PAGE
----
In Commonweal, Charles Michael Andres Clark despairs that the fierce resistance to the Affordable Care Act (“Obamacare”), to the point of shutting down the federal government, is part of the American political tradition:
Every effort to broaden the scope of “all men” and promote real equality has caused a major backlash on the part of those who feel that their rights are being impinged upon whenever privilege is threatened. Each time an elite, whose advantages often entail a disadvantage for someone else, promises to disrupt everything else unless their interests are protected.
This will strike some as simplistic; the past few years have shown that a large block of voters who are not part of the “elite” have strong objections to the government promoting equality in matters such as access to health care. (One could argue that these voters are part of a political elite by being white, but that opens an avenue of discussion beyond the scope of this post.)
A related explanation for the difficulty in enacting broad measures to ensure equality in the United States can be found in a lengthy but fascinating piece in the current issue of National Affairs.* “Kludgeocracy in America,” by political scientist Steven M. Teles, describes how our political system is biased toward piecemeal, often contradictory policies that, above all, preserve existing sources of power (a bureaucratic, if not necessarily an economic elite). The complex legislation known as Obamacare, passed as an alternative to a simple single-payer health insurance plan, is an example of kludgeocracy. So is federal education policy, which Teles points out, comprises an array of strings-attached grants instead of the simpler method of directing funds toward districts that need the most financial aid. I’d argue that our legislative process itself (with its cloture votes and discharge petitions and other arcane rules) and our system of voting (in which every state has different ways of expanding and/or limiting participation) are also full of kludges.
Here is Teles explaining the concept:
The term comes out of the world of computer programming, where a kludge is an inelegant patch put in place to solve an unexpected problem and designed to be backward-compatible with the rest of an existing system. When you add up enough kludges, you get a very complicated program that has no clear organizing principle, is exceedingly difficult to understand, and is subject to crashes. Any user of Microsoft Windows will immediately grasp the concept.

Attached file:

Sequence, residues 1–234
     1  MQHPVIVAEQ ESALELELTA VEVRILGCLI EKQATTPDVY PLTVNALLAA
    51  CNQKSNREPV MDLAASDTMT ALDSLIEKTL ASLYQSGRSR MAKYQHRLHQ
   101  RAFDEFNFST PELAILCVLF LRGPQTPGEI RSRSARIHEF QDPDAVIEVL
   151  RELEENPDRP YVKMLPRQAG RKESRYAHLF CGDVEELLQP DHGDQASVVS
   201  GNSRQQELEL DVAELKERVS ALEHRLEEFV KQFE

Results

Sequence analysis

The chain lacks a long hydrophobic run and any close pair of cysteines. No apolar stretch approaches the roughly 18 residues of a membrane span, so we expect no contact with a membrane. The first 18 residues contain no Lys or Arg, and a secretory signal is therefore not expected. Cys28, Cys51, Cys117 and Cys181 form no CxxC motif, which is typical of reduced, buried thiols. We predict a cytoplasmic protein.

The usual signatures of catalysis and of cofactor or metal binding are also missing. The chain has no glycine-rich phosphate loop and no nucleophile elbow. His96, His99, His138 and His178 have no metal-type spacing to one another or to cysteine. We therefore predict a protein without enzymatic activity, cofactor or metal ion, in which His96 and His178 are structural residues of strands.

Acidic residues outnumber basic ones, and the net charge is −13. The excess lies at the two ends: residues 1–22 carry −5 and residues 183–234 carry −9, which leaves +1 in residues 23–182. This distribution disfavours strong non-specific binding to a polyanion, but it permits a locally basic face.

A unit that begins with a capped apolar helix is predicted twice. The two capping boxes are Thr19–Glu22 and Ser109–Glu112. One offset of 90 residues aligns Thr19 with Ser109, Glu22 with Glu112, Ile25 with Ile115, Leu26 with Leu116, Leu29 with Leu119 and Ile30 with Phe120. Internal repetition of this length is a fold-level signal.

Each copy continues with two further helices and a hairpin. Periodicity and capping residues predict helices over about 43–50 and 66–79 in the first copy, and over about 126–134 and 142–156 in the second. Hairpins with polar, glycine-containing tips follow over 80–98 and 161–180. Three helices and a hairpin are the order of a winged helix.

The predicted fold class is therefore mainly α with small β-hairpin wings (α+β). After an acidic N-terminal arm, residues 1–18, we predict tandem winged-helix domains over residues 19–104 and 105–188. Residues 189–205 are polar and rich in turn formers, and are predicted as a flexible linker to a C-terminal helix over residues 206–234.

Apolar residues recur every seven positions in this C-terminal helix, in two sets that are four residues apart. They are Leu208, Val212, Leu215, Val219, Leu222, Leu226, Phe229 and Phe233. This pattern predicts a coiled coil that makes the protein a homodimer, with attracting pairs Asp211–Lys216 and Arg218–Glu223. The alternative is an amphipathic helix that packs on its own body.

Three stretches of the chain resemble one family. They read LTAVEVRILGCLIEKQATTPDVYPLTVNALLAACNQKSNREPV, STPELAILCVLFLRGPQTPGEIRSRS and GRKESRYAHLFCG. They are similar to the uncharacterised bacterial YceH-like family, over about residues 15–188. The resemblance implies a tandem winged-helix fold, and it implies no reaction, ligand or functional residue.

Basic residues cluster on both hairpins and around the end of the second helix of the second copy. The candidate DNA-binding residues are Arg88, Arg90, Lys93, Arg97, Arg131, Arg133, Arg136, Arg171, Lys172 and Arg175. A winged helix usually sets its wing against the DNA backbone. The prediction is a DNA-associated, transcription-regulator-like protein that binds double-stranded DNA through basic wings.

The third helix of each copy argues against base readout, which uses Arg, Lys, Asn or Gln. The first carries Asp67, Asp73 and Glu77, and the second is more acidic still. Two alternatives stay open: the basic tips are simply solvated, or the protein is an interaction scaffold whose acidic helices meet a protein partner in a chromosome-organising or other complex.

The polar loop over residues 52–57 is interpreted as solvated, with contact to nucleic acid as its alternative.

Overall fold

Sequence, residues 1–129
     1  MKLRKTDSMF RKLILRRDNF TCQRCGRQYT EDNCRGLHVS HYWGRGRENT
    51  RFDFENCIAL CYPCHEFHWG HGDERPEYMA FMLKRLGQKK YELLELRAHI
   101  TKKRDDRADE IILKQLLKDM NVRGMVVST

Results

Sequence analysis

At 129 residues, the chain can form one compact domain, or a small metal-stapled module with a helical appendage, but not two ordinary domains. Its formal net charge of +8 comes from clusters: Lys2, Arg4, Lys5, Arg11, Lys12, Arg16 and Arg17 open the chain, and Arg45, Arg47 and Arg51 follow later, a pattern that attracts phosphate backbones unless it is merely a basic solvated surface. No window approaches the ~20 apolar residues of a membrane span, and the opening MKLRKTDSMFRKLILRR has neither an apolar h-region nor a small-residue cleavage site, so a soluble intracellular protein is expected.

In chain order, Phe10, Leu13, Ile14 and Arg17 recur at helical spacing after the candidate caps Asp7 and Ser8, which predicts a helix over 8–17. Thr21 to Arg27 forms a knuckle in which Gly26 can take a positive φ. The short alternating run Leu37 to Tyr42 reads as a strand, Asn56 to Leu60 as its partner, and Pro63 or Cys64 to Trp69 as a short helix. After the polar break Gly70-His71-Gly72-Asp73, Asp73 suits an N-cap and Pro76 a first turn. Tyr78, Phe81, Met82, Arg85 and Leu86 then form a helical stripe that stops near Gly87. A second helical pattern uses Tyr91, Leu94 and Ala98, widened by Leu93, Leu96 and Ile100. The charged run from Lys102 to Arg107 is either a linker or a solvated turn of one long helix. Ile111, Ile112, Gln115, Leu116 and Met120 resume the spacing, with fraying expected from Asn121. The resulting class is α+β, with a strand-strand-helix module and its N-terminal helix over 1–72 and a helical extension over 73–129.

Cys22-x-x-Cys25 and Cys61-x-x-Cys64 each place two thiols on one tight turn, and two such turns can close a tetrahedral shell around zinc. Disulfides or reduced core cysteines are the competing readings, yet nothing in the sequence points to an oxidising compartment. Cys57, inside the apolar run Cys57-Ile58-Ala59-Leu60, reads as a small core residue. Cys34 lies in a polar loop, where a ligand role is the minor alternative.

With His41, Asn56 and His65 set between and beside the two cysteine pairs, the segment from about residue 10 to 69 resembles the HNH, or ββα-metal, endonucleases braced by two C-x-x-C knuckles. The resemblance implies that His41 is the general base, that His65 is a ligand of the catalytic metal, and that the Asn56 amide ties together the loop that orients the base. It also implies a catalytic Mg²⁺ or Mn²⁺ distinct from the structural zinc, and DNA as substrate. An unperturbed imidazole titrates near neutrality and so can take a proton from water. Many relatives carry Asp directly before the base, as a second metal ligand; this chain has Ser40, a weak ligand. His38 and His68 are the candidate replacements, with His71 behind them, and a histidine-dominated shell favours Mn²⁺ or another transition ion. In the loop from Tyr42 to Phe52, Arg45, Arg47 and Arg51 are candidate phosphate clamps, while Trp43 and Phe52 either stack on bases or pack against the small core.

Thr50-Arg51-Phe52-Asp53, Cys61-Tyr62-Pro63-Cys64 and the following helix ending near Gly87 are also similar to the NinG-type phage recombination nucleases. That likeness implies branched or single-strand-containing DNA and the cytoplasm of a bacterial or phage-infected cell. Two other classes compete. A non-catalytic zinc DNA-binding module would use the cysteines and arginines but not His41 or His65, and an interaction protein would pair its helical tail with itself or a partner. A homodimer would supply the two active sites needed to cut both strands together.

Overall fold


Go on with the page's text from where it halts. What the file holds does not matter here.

“Clumsy but temporarily effective” also describes much of American public policy today. To see policy kludges in action, one need look no further than the mind-numbing complexity of the health-care system (which even Obamacare’s champions must admit has only grown more complicated under the new law, even if in their view the system is now also more just), or our byzantine system of funding higher education, or our bewildering federal-state system of governing everything from welfare to education to environmental regulation. America has chosen to govern itself through more indirect and incoherent policy mechanisms than can be found in any comparable country.
In Congress and in state legislatures, Teles explains, lawmakers “often require that legislation leave their favored programs safe from substantive changes. Consequently, new ideas have to be layered over old programs rather than replace them.”
Teles writes that both liberals and conservatives contribute to kludgocracy, but it’s easy to see how the phenomenon can weaken the kind of broad initiatives to achieve equality that Clark writes about in Commonweal. The Food Stamp program is a classic example; it wasn’t created as the most direct or efficient way to feed the hungry, but instead forced into the Department of Agriculture and paired with farm subsidies.
Though Teles doesn’t explore this in his article, the way we elect our representatives in America is also full of kludges. Real equality at the ballot box has been elusive, as every state has created its own complex system of voter eligibility and access to the polls. Having people vote during a 12- or 14-hour window on a workday has always been problematic, but instead of switching to weekend voting, some states (not all) have added early voting periods or mail-in ballots. Partly in reaction to this expansion of the voting process, some states are now imposing tighter voter ID laws (with even non-drivers having to negotiate motor vehicle departments in order to exercise the right to vote). Any kind of national uniformity (whether and when ex-convicts can vote, for example) is impossible because each state has its own bureaucracy that guards its power in deciding who gets to vote.
The kludgocracy theory can be seen as a less sinister explanation than economic elitism for our inability to achieve equality in many public policy spheres. Less sinister, but for some, no less disheartening.
*Thanks to the Monkey Cage’s Henry Farrell for highlighting the National Affairs article.
What’s that photo? A common phenomenon in Massachusetts (and possibly elsewhere) known as a double pole. It happens when a utility company needs to replace wires or fix rickety poles; instead of tearing an old pole down and starting from scratch, it just lashes a new pole to the old one. A classic kludge move. Photo from Universal Hub.